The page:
Real estate manager CBRE has settled a class action against it for $100 million, which amounts to 71% of the damages claimed. The plaintiffs alleged that CBRE aided property company Cabot Investment Properties in embezzling investors' money. 


Comment

UK pension schemes often find themselves involved in a class action, often passively, as US securities class action laws provide that every investor in a company automatically joins the class unless they opt out. Investors in an affected company may choose to opt out and bring their own legal proceedings, with a view to recovering a higher amount of damages. 

The amount of the settlement in the CBRE case is unusually high, as US securities class actions are often settled for significantly lower proportions of the damages claimed.  Pension schemes who form part of a class in a securities law class action should always consider whether they are better off opting out of the class and bringing their own proceedings against the investee company.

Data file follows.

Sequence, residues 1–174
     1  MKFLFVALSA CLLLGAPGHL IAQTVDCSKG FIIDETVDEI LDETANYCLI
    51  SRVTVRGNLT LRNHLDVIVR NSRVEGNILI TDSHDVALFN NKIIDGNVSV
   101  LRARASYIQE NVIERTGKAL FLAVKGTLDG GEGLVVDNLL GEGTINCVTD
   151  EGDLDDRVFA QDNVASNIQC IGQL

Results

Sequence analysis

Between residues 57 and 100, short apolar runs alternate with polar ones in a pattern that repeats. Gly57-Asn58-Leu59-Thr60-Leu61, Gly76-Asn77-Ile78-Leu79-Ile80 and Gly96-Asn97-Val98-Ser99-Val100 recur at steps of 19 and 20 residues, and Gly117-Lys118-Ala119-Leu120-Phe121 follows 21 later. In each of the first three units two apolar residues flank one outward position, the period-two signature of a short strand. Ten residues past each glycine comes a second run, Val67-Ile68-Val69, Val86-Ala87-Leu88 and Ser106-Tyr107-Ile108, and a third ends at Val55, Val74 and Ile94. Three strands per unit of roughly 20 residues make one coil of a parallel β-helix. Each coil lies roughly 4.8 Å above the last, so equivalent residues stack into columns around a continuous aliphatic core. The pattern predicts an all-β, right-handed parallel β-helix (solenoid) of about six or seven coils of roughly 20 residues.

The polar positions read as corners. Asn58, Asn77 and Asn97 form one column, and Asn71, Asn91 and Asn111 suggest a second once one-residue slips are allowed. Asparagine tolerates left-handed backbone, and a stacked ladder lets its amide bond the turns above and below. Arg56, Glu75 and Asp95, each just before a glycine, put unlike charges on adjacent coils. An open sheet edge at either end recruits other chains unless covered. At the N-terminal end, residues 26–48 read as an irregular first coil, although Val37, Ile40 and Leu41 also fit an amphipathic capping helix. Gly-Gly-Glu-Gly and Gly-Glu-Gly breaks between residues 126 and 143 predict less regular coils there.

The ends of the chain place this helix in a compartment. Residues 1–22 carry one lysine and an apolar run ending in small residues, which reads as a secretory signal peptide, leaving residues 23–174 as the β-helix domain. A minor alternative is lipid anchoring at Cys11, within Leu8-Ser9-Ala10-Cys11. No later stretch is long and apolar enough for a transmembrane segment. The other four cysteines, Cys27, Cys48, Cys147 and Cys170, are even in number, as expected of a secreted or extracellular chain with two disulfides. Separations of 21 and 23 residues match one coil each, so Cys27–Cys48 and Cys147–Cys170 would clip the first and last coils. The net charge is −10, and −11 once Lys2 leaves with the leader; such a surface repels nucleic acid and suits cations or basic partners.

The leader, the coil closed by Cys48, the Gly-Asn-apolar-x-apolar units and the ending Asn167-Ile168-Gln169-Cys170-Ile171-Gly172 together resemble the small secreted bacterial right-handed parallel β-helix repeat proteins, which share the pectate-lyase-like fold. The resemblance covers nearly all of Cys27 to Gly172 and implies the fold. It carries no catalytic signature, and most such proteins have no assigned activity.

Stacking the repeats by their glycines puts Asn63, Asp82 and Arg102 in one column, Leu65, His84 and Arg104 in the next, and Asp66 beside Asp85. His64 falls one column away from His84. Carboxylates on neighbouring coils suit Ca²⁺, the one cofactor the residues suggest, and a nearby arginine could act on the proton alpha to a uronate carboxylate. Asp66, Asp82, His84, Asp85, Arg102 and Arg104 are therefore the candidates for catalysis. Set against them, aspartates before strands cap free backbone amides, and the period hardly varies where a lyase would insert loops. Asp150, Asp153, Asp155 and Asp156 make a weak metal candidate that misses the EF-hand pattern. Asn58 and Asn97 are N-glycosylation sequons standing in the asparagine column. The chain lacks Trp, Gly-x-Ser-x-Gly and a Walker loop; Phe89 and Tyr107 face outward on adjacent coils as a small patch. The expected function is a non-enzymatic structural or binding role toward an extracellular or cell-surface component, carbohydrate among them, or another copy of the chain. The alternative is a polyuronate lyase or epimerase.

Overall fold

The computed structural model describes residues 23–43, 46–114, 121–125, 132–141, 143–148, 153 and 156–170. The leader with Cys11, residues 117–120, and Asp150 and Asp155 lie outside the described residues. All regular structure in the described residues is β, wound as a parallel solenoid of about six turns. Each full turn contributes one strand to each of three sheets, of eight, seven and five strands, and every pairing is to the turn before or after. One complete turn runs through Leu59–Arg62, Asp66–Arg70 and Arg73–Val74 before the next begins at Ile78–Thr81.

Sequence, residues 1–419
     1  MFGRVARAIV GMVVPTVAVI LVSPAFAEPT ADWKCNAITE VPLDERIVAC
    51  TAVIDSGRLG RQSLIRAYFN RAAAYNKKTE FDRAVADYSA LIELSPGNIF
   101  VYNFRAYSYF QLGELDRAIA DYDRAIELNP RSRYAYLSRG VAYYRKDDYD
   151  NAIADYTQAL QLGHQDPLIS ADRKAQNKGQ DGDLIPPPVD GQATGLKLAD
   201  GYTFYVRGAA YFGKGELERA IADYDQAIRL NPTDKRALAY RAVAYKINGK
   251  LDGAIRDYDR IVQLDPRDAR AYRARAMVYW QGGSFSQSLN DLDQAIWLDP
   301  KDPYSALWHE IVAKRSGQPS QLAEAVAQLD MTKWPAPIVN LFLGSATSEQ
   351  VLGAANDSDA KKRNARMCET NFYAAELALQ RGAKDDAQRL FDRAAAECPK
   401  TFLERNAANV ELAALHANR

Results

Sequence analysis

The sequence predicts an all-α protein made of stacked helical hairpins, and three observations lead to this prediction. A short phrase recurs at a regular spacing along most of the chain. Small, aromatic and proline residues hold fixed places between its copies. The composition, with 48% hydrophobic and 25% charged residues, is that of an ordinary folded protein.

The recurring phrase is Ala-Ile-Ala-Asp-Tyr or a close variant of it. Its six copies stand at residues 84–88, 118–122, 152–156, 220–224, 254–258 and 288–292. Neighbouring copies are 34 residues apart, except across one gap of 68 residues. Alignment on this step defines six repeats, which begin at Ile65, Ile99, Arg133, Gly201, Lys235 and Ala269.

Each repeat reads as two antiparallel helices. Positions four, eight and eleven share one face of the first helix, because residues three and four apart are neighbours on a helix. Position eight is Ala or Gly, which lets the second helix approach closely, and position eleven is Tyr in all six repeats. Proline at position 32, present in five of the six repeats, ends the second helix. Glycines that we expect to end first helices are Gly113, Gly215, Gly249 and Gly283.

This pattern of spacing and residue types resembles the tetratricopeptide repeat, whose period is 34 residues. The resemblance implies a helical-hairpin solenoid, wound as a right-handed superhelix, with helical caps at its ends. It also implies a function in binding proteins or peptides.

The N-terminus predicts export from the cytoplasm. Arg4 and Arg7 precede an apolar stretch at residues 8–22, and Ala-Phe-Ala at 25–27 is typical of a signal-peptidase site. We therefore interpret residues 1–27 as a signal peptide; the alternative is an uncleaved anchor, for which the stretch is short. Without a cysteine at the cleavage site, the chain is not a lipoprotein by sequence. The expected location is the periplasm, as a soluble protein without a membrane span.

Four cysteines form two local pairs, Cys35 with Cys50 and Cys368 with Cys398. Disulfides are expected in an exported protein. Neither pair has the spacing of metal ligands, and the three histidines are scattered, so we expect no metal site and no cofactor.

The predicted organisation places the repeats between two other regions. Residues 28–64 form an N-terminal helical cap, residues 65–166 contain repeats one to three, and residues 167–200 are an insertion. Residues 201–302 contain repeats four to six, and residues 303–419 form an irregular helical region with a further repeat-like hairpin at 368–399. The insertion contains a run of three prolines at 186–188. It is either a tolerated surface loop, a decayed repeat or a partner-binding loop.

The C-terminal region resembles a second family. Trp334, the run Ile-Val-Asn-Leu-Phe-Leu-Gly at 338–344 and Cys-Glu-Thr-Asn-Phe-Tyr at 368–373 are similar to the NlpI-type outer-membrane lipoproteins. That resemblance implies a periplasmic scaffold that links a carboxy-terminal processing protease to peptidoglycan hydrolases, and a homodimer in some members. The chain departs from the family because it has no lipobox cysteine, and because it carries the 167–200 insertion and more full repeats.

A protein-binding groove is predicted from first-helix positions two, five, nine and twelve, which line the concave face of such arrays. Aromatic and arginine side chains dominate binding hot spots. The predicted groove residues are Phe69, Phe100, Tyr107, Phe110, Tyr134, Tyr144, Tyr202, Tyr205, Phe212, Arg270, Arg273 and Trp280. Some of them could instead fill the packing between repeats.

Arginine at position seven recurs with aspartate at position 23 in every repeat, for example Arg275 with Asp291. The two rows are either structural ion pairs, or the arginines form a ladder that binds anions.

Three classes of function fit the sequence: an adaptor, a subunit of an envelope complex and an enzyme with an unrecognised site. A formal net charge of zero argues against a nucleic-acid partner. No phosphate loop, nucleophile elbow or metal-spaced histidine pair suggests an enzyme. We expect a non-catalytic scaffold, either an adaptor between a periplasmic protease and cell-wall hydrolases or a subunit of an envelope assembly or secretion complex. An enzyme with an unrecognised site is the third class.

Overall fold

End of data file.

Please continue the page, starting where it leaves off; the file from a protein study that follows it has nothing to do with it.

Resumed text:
Pension schemes who fall within a class also have the option of applying to become the lead plaintiff in the class action, in order to have greater control over the proceedings.  Many US class action law firms work on a contingency fee basis, so the lead plaintiff does not incur significant financial risk.

Key contacts

Catherine McAllister

Catherine McAllister

Partner, Pensions
United Kingdom

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Judith Donnelly

Judith Donnelly

Legal Director, Pensions
London

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Addleshaw Goddard has a dedicated pensions investment team which advises a large number of institutional investor clients on the legal issues relating to their investments.  Our team comprises experts across a range of fields including pensions, investment funds, derivatives, custody, infrastructure, litigation and real estate. We use this expertise to provide clear and risk-focused advice that is tailored to the needs of pension schemes. Please get in touch to find out more.